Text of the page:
Supreme Court Justice Clarence Thomas might have started to feel lonely, being the only justice with his handling of a real estate deal recently under scrutiny. No longer, thanks to Politico reporting on Tuesday that fellow GOP appointee Neil Gorsuch didn't disclose who bought property he co-owned just days after his high court confirmation. The buyer in Gorsuch’s case was a lawyer whose firm has had “robust” business before the court — at least 22 cases since the deal, Politico reported.
But Gorsuch still has some catching up to do if he wants to get on Thomas' level. ProPublica’s reporting on Thomas revealed that Republican billionaire Harlan Crow bought property from Thomas — including his mother’s house, where she apparently still lives — which Thomas didn’t disclose.
ProPublica’s reporting on Thomas also includes lavish trips and private jet flights, which Thomas said he didn’t think he had to disclose because it was personal hospitality from a longtime friend — who happens to be a GOP megadonor — without business before the court. He said that before Bloomberg reported Monday that Crow actually has had business in at least one case before the court.
Gorsuch not listing the buyer in his deal just adds to the notion that the powerful justices don’t think the public deserves to know what they're up to.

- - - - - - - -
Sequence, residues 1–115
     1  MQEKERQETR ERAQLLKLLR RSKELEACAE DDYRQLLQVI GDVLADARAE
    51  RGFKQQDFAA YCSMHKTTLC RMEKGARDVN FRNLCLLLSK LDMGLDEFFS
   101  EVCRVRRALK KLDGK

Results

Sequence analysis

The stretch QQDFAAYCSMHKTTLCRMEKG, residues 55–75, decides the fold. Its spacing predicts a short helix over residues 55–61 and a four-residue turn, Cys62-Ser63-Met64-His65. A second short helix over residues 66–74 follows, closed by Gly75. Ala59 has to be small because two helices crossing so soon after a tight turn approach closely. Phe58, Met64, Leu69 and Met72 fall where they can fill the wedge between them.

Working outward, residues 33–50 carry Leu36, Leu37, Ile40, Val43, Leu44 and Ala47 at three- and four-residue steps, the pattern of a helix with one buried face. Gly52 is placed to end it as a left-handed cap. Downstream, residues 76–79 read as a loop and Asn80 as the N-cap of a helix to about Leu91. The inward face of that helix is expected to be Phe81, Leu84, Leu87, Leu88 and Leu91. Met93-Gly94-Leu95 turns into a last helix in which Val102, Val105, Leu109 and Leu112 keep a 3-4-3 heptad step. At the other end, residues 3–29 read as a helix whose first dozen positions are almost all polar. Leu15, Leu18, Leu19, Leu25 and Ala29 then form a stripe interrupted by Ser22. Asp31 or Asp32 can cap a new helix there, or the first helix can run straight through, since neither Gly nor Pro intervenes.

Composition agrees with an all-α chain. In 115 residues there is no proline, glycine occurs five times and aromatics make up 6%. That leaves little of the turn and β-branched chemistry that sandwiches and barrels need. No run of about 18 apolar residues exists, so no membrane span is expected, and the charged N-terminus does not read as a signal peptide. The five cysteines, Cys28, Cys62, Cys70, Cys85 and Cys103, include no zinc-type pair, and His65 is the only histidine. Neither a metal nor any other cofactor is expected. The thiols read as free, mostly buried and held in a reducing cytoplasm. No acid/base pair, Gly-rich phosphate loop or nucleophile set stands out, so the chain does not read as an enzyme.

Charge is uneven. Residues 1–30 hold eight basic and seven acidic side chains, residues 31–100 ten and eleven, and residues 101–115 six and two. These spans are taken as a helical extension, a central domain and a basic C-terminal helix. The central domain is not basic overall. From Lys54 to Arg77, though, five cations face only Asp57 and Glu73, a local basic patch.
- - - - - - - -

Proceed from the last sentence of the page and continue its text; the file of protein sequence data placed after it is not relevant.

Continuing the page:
And while the Gorsuch story isn't the Thomas scandal, Gorsuch not listing the buyer in his deal just adds to the notion that the powerful justices don’t think the public deserves to know what they're up to. At the very least, it shows room for improvement on the justices' financial disclosures. In light of the Gorsuch (and Thomas) news, watchdog Fix the Court said on Tuesday that judicial officers should be required to list who’s on the other end of their transactions:
The lawyer who bought the property, Brian Duffy, told Politico he's never personally argued cases before Gorsuch or met the justice. He said he cleared the sale with his firm's ethics department once he learned Gorsuch was a co-owner of the property. Gorsuch didn't respond to Politico's questions, so it's unclear what vetting, if any, the justice undertook regarding the deal and its disclosure.
Certainly, disclosure reforms are something for the Senate Judiciary Committee to explore as it purports to take on the Supreme Court’s low ethical standards. To be sure, the committee has not been as aggressive as it can be in that regard. For example, committee chair Dick Durbin, D-Ill., said on Sunday that he didn’t even invite Thomas to testify because he thought the justice would ignore the invitation. Seriously.
But whoever testifies or doesn't, this latest report shows that shoring up disclosure requirements is the least that can be done if the justices want to regain some semblance of public trust.